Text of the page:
For example, when a highly avoidant man tells his wife that he worries about their relationship when she’s out with her friends at bar and the wife accepts this worry—that is, when she validates it and understands it as an expression of his fears—and responds tenderly. In turn, the avoidant husband experiences his emotions in a different way, a much more positive way. The corrective experience, when repeated, can build the foundation of security within a relationship, and this can result in some profound changes.
One last question: What should you do if you are not in a relationship?
Perhaps it’s the case that your anxiety about and in relationships keeps you from getting very far once you meet someone. What can you do now? First, take the YouBeauty.com Close Relationships Quiz to determine if you’re more anxious or avoidant. Second, sit down and try to write out the ways in which you are anxious or avoidant in your relationships. Think in terms of excesses and deficits—what do you do that’s “too much” and “too little”?
For example, I am perhaps a little avoidant in my relationships and my wife tells me I am in my head too much when she’s telling a story about her day at work. In short, my deficit here is that I sometimes fail to attend to my wife’s need for support. That would be an example of too little—I need to do more to attend to her needs. I can also be somewhat self-absorbed; I’ll talk about work without asking her about her day. This is an example of too much—I need to be less self-focused and more other-focused. You can identify these patterns in yourself; it’s not too hard if you try. Third, you can be an observer of your own behavior. Watch and see what you do and when you do it. Under what circumstances do you pull back? When do you get too preoccupied?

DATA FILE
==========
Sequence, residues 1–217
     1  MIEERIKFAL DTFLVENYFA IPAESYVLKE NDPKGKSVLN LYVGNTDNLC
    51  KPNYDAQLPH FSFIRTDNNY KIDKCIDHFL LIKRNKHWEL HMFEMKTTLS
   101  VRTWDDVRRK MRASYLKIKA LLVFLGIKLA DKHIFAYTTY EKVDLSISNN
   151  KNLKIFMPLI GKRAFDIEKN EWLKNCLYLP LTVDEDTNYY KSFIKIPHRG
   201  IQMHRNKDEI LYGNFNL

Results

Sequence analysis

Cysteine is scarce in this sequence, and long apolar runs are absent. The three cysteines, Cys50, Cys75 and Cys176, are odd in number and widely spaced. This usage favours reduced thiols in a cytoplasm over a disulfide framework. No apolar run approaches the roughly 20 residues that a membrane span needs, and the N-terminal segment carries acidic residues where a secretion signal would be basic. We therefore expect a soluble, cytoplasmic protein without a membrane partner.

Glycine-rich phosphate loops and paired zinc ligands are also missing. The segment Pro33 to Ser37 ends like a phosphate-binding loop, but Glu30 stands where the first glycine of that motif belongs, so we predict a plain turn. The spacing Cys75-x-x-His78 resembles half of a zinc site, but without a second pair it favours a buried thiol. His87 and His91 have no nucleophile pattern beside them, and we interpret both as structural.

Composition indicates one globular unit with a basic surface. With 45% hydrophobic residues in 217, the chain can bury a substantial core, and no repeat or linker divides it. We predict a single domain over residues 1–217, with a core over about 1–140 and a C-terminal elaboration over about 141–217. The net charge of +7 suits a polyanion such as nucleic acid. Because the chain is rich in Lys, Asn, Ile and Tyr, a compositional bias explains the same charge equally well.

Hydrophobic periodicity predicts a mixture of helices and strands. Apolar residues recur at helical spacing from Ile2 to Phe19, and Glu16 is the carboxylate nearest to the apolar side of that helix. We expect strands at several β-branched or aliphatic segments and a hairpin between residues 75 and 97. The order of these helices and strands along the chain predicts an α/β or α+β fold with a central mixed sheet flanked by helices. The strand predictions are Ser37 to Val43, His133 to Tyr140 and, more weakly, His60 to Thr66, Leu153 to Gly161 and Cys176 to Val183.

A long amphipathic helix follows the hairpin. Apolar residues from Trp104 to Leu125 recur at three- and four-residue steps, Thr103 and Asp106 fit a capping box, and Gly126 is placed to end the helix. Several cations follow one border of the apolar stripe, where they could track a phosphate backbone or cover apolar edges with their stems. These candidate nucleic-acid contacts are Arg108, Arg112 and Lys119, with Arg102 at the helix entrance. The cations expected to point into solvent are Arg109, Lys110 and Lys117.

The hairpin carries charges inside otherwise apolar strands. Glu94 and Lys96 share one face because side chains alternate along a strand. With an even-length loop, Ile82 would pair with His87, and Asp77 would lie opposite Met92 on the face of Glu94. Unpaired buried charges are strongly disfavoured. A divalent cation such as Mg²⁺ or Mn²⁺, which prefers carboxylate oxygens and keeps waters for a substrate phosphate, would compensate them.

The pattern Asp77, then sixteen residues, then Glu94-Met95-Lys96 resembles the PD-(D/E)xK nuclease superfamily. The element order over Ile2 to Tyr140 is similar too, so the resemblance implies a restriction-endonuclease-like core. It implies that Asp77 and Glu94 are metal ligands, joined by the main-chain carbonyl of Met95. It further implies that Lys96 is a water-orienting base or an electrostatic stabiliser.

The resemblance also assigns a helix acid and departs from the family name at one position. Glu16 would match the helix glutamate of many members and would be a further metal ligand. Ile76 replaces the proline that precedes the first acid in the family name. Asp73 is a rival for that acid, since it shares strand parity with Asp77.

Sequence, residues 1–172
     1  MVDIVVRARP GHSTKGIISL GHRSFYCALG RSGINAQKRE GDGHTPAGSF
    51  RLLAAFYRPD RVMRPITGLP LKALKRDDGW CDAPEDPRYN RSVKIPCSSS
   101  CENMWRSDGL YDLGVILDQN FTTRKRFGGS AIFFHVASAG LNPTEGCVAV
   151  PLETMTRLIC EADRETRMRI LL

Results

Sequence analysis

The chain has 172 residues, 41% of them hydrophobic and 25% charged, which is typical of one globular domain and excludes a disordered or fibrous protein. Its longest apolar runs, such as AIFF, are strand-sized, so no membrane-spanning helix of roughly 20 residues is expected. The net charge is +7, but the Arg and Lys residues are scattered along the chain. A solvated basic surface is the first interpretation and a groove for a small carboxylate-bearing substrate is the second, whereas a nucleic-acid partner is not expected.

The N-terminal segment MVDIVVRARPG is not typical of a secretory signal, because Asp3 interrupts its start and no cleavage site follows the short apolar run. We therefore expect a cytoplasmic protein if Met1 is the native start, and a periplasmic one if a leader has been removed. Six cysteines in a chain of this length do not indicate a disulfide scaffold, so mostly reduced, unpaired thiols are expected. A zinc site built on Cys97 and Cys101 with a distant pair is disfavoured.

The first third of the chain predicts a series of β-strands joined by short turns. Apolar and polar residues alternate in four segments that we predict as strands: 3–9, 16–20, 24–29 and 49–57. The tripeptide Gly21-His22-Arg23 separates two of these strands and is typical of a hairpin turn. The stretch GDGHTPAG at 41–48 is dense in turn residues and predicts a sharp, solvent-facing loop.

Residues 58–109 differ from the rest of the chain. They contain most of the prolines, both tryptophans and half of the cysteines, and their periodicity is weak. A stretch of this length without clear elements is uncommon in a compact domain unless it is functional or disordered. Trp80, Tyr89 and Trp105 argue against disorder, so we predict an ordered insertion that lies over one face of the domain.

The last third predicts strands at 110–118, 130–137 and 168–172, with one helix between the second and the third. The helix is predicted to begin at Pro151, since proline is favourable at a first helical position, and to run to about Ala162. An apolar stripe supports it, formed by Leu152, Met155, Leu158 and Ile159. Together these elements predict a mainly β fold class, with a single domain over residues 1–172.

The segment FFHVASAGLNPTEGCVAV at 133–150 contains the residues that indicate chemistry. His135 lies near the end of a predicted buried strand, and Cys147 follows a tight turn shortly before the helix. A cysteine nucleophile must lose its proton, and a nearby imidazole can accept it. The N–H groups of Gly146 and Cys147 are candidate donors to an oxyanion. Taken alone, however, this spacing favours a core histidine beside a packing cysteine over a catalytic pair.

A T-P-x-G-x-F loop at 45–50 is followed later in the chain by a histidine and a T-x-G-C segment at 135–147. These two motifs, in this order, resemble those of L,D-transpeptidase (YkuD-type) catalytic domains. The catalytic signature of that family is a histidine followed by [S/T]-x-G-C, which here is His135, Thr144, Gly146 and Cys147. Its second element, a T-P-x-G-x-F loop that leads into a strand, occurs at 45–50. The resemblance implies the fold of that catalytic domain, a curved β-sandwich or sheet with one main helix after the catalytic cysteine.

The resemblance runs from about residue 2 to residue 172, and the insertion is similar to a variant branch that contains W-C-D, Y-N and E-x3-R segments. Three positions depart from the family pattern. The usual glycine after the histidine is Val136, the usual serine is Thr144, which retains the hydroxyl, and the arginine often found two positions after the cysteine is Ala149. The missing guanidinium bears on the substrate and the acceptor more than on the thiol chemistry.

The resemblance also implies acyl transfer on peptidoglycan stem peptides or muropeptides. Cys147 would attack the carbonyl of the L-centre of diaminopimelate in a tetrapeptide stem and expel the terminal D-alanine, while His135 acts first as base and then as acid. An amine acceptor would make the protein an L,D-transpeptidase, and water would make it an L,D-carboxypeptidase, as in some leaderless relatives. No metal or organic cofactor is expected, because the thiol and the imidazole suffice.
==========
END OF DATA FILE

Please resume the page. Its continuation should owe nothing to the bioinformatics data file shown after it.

Once you notice and have a good sense of when, where, and why you do what you do, you want, finally, to start trying to change your behavior. Every excess/deficit you list above should have a corresponding “adaptive” response.
For example, the statement, “I pull away when people start talking about difficult experiences, especially early in relationships” could have the response, “Try to stay present with the person’s emotional experience and offer at least two supportive statements or gestures…make sure the interaction ends with touch of some kind—a pat on the should, a hug, a kiss.”
I believe that most of us know what the adaptive response would be to most of our problem-maintaining behaviors, but if you have no earthly idea of how to proceed or want a little coaching, finding a good therapist can be very helpful. Once you have your list of more adaptive responses, practice, practice, practice. Notice where and when you succeed and where and when it’s hard to change. This is how you will begin on the road to earned security.
I’ve covered a lot of ground in this column and I’d love to hear your thoughts. How have you earned security? What was easy? What was hard? Where are the stumbling blocks? I am aware of the fact that changing behavior is much easier said than done, but that does not mean it’s useless to try. If you’ve had difficult relationship history and want to try changing how you respond within relationships, you can make big changes.
I hope this column helps you feel it’s a risk worth taking. It will be tough, but the payoffs will be great!
Copyright David A. Sbarra, Ph.D., July 20, 2011